University Post
University of Copenhagen
Independent of management


University of Copenhagen pointed out ranking errors — and dropped nine places

Prestige — Sharp minds at the University of Copenhagen spotted an error in the data for the latest ranking - and had the university drop nine places

When this year’s ranking from the QS (QS Quacquarelli Symonds) organisation came out recently, the University of Copenhagen ticked in at a respectable 72nd in the world. An improvement of seven places over last year’s 79th position.

The QS World University Ranking belongs to a small handful of significant annually published university rankings that are scrutinised by university managers throughout the world.

They all strive for the top, elite, spots on the rankings as this makes it easier to recruit top-tier researchers and attract paying students (from abroad, in the case of the University of Copenhagen).

Too many publications

It is one of the University of Copenhagen management’s goals to perform well on the rankings, and to use the rankings to market itself towards students and researchers, at home and abroad.

But in the Research and Innovation unit at the University of Copenhagen, employees noticed that there was something wrong with the data from the QS ranking this year.

»We were made aware that someone had discovered inconsistencies, and that we might have to check our figures. Our leap from 79 to 72 was not something that otherwise would have had us checking it,« writes Rasmus Christensen, communications consultant in Research and Innovation, in an email.

»While they had stated 62,849 publications for the period 2013-2017, we could only find 39,197. We made them (the QS, ed.) aware of this.«

In a revised ranking report from QS specifically about the University of Copenhagen which the University Post has received, the corrected publication numbers mean that the University of Copenhagen moves back from 72nd to 81st. This is two spots under last year’s placing, and the University of Copenhagen is now suddenly, according to QS, a university below the level of, for example, the Sorbonne in France and Durham in the north-east of England.

The University Post has subsequently corrected our news story about the university’s ranking (in Danish).

As of 4th July, QS had not, however, changed the University of Copenhagen’s position as number 72 on the published ranking on the company’s website.

The University Post asked QS what the cause of the error in the University of Copenhagen score was, and whether the whole ranking (with 1,001 universities) is now to be reviewed to find similar issues. We also asked whether it is unusual for a university to find faults in the ranking data and make QS aware of it, and why the rankings have not been corrected on the QS website.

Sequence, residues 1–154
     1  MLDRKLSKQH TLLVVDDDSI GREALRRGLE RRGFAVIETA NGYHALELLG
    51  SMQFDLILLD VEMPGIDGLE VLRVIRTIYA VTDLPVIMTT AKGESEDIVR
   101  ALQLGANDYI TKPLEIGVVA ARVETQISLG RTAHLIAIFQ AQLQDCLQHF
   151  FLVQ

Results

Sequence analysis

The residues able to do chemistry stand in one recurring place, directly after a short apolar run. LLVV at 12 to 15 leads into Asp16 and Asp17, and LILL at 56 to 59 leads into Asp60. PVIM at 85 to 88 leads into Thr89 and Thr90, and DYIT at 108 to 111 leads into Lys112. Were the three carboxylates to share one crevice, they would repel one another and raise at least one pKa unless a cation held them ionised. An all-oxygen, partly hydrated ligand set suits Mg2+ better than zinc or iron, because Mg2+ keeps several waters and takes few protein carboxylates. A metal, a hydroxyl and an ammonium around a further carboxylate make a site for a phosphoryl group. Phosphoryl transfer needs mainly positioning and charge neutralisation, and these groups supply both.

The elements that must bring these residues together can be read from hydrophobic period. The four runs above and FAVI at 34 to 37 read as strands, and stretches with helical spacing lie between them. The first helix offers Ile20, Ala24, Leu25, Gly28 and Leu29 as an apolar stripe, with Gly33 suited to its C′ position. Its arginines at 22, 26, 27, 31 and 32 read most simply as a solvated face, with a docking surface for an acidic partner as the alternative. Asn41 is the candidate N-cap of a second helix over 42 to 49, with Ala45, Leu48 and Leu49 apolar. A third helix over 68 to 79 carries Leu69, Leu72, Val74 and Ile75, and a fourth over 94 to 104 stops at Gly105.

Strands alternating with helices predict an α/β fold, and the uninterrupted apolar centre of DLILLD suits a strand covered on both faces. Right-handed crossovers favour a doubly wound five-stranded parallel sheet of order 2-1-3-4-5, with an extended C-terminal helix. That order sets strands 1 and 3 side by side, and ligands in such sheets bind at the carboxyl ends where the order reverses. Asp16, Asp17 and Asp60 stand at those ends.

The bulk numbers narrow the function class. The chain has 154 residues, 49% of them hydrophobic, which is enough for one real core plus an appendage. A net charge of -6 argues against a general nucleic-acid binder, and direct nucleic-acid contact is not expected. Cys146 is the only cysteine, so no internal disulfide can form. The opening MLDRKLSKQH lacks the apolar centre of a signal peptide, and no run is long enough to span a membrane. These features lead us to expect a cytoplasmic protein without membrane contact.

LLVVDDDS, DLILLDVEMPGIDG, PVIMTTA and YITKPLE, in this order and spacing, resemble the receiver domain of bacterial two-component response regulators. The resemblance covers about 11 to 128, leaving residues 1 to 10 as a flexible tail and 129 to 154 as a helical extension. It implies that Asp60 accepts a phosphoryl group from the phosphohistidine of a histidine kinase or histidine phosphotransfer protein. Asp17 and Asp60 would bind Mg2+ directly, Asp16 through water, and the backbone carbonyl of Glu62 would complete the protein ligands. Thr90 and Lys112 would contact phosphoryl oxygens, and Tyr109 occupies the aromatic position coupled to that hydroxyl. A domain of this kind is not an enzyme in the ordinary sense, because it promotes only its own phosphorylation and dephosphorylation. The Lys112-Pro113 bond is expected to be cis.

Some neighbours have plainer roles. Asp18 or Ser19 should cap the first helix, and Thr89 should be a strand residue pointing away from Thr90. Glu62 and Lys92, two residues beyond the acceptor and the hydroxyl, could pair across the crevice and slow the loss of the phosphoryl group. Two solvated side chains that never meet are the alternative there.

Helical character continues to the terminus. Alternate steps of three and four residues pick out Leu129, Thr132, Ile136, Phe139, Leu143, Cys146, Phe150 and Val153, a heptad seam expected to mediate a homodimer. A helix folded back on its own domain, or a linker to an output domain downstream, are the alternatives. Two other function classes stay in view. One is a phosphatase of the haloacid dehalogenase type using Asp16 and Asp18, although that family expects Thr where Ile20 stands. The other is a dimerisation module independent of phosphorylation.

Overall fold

Rankings manager at the QS Intelligence Unit Selina Griffin responded by e-mail. Griffin writes that the underlying ‘mapping codes’ were changed by their data supplier Elsevier and that she is investigating what happened to them.

»Sometimes a university will work directly with Elsevier to change their affiliation mapping (eg the different name variations that their university and associated departments may be listed by in Elsevier (‘s database, ed.)) and these changes are not passed on to us. We are working with Elsevier on a new system that will mean we pick up all such changes automatically.«

She also writes that QS has regenerated the University of Copenhagen’s data and provided the university with an updated fact file based on the data. It was then sent to the university »so they can be aware of the impact the change will have and double-check that the picture now looks correct.«

Used by millions

Selina Griffin writes that QS’s IT and website team have not yet changed the published ranking for this year, but that it is »in process now.«

According to Selina Griffin, QS is as confident as they can be about the rest of our data, but »of course if mistakes are later revealed then we seek to rectify these.«

The University of Copenhagen is, in spite of the drop of nine places, the best university in the Nordic region according to QS.

According to the QS website, ‘tens of millions’ of applicants to study programmes and employees in the education sector use their ranking information to make decisions on their education and careers.

In recent years, the University of Copenhagen has fared reasonably, but not particularly well, on the QS ranking. Two competing rankings, the ARWU-Shanghai list and the CWTS Leiden, however, both place Copenhagen at the top with the university placed sixth best in Europe.